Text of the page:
This system cannot last beyond the end of cheap oil (coming soon, in my opinion) but the damage done to the fresh water supplies will be a lasting legacy. As the Gelman plume demonstrates on a much smaller scale.

    Michigan needs to make sure “the whole basket” is produced and value-added right here. That will be especially important in the post-peak oil future.

    • varmentrout Says:

      Yes, I was necessarily restricted to a very short summary of the broader global view in writing a simple blog post. I think the Earth Policy Institute book and website make some of the same points. Farm economics is very complex.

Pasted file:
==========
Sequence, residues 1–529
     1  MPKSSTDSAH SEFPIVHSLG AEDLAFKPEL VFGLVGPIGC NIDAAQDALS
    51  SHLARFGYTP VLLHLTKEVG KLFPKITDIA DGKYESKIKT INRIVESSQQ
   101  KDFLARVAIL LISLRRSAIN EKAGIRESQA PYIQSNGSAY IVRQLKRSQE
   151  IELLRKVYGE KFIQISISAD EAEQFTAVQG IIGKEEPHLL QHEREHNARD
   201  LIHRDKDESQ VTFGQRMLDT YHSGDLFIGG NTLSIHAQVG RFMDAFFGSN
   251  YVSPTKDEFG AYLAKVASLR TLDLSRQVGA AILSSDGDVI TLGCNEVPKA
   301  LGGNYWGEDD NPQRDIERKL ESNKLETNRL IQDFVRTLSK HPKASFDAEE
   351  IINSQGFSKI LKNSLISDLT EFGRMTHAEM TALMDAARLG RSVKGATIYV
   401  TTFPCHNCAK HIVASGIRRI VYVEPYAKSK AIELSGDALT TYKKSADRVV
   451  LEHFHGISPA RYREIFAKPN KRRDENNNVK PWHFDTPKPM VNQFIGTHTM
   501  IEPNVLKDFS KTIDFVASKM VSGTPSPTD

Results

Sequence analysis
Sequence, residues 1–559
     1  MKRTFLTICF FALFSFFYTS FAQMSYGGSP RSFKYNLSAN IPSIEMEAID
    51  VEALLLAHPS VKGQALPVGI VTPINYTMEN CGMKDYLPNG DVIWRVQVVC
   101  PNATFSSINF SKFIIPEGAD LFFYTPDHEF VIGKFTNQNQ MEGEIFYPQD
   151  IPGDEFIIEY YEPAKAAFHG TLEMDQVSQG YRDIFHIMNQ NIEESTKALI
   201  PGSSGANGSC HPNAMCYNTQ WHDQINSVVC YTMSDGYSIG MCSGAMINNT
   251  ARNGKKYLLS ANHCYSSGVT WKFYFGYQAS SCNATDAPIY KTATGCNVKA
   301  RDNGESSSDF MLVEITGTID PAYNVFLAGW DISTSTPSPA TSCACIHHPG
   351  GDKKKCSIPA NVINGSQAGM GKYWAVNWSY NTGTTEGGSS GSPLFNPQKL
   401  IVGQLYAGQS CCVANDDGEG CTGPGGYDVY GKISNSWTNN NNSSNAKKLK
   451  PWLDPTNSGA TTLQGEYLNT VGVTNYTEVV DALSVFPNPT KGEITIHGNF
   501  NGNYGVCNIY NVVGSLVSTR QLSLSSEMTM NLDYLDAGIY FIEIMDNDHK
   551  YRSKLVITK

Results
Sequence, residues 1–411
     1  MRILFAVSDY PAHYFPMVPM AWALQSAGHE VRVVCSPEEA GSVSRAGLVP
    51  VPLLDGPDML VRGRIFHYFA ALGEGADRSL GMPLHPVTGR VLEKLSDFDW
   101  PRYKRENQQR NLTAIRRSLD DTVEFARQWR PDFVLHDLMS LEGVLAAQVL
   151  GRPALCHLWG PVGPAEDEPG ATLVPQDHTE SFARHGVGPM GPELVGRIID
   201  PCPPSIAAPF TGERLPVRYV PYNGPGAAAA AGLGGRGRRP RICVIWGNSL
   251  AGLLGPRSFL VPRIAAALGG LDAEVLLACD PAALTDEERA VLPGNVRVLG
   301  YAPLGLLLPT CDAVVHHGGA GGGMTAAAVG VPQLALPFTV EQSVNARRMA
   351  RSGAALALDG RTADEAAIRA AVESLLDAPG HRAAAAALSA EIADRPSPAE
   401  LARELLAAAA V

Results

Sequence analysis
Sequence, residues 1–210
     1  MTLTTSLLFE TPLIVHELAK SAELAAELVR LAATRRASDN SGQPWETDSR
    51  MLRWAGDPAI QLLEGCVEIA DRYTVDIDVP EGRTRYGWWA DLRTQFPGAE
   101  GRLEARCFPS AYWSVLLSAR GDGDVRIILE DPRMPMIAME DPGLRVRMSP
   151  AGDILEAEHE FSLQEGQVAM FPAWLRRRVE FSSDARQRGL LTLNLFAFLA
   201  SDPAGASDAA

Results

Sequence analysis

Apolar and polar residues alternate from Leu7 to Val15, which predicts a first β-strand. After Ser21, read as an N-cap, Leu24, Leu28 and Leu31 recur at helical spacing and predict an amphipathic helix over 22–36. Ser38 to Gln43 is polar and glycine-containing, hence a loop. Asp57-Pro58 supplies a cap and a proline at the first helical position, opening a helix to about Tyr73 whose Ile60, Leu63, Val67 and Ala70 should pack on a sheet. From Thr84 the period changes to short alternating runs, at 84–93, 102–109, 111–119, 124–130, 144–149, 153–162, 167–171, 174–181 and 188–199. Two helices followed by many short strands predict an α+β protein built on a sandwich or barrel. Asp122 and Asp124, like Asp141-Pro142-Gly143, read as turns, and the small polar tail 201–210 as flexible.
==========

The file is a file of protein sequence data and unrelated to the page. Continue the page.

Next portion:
I agree that we would like to have Michigan sources of as many types of foodstuffs as possible. We do have, for example, some wheat farmers here but the high corn prices are probably driving some of them into corn. What I am hoping to do with this series of posts is to look at our local food picture in the context of the worldwide and nationwide food picture. It is difficult to do in a short blog series.

      • Timothy Durham Says:

        I had not read the two previous (excellent) posts- I just found out about your site and started at the top- and you touched on some of that same ground in all three. But hearing Vandana Shiva’s viewpoint from the other end of the global food system is valuable. Hope you don’t mind.